Researcher, Department of Regional Development and Planning, University of Thessaly, Volos, Greece

Serafeim POLYZOS

Professor, Department of Regional Development and Planning, University of Thessaly, Volos, Greece

Dimitrios TSIOTAS

Assistant Professor, Department of Regional and Economic Development, School of Applied Economics and Social Sciences, Agricultural University of Athens, Amfissa, Greece


Renewable energy sources (RES) are characterized as clean forms of energy and come directly or indirectly from the impact of solar energy on the environment. The overall process of planning, designing, constructing, and operating renewable energy projects involves complex uncertainties and risks, which are difficult to analyze and evaluate effectively through traditional investment appraisal methods. Each RES project presents different types of uncertainties, which are categorized as external and internal. The Real Options (RO) theory for evaluating investments in RES projects can provide additional investment options at different stages of the projects, enhancing flexibility and improving the decision-making ability of a company’s management.

This paper summarizes the specifics governing RES projects, the main characteristics of the RO methodology, and an overall framework for its application to RES projects. This framework is used to evaluate an investment in a 500kWp photovoltaic (PV) park in Greece. The uncertainties selected for the analysis of the RO methodology are the electricity sales price and the production from the specific PV project. In addition, the options/rights of the investor that are considered, are to continue or abandon the investment in each phase of the project implementation. The results, based on the current data and have included the possible fluctuation in the values of the two aforementioned uncertainties, show that investing in a PV project of similar size and technology in Greece is advantageous and worth undertaking. The intention to finance a large proportion of the investment by the banks plays an important role in this.

Keywords: project appraisal methods, real options theory, renewable energy projects, risk and uncertainty analysis, construction project management

JEL classification: R3, R5, R38,

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MSc City Planner, Izmir, Turkey, Tel: +90 554 972 37 64

Hasan Engin DURAN

(Corresponding Author) Izmir Institute of Technology, City and Regional Planning Department, Associate Professor of Economics, Adress: Gülbahce Kampüsü, Izmir Yüksek Teknoloji Ensitüsü, Mimarlık Fakültesi, Şehir ve Bölge Planlama Bölümü, Urla-Izmir, Tel: +90 232 750 70 04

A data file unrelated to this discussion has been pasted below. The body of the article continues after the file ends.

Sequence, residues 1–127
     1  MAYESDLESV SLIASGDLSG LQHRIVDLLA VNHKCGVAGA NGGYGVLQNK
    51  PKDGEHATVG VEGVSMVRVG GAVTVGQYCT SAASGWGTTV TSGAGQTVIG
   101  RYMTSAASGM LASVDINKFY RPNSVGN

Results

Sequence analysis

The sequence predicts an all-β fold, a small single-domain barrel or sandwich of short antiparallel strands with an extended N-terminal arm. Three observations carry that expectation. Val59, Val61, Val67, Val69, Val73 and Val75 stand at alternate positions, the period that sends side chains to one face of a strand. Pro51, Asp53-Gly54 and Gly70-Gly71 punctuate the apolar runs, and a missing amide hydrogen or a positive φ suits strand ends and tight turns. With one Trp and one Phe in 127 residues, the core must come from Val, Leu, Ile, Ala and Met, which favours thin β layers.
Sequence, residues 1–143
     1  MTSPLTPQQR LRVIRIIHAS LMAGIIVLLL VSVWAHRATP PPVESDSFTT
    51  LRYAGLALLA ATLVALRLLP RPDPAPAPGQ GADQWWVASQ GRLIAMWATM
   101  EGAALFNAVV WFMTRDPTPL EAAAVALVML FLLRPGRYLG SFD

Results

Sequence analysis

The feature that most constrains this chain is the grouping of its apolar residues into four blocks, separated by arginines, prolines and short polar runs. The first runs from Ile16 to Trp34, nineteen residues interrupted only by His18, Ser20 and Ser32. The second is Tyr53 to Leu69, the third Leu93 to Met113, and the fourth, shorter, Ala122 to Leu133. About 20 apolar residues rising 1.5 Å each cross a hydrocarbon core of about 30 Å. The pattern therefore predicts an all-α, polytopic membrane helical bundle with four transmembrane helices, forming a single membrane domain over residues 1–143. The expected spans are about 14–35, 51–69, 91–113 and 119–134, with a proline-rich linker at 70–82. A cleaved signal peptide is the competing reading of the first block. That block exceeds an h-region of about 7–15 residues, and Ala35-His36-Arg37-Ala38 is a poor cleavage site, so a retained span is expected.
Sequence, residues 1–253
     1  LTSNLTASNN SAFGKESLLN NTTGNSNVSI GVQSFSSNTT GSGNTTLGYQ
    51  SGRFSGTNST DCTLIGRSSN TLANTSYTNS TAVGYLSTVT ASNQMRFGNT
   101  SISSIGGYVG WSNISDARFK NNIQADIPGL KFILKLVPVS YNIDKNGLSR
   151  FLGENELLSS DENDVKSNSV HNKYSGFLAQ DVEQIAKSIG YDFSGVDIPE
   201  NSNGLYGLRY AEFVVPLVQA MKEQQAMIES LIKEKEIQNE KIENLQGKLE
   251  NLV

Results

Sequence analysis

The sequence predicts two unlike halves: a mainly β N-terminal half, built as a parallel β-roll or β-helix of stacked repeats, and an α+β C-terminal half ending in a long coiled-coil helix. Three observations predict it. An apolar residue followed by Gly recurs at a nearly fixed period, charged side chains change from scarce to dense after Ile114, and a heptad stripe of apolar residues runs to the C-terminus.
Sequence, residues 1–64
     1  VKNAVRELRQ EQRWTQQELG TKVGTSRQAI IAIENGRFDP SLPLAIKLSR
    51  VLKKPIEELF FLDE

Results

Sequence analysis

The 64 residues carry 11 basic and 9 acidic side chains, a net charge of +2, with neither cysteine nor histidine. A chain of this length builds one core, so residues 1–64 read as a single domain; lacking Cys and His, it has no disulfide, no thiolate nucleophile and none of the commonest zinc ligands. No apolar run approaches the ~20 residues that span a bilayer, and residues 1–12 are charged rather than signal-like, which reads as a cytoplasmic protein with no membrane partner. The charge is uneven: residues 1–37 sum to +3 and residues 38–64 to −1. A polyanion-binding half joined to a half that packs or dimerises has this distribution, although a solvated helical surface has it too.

Purpose of the current study is to analyze the determinants of firm location in Izmir’s food industry. The dataset covers 734 firms in 2018. The analyses particularly focus on the impact of experience and size of the firms, the effects of which are not yet adequately analyzed by the existing literature. In terms of methodologies, initially, explorative maps are used to illustrate the data. Then, linear regression analyses are applied to analyze the location behavior determinants. Spatial autocorrelation test is applied to as a robustness test. Our findings point to three main results. First, firm size is not statistically a significant determinant of firm location. So, big firms may locate in/around or out of cities, whereas, also small firms may locate close to or distant from city centers Second, the influence of the experience variable is rather definite; earlier founded firms naturally locate closer to CBD. Third, with regard to results regarding sub-sectors, firms in packaged food and bakery sectors locate nearby CBDs where, in contrast, firms in animal products sector tend to locate in rural areas. Overall, the key lesson that we learn from the analysis is that concentration of large firms around urban areas should be avoided so to cope with environmental problems and to maintain fair competition between big and small firms. Moreover, younger firms should be subsidized (through tax exemptions, rental aid, export and employment subsidies) so that their capital structure remains strong even if they are not able to place close to the market.

Keywords: Location Choice, Food Industry, Determinants, Firm Size

JEL classification: D22, R3

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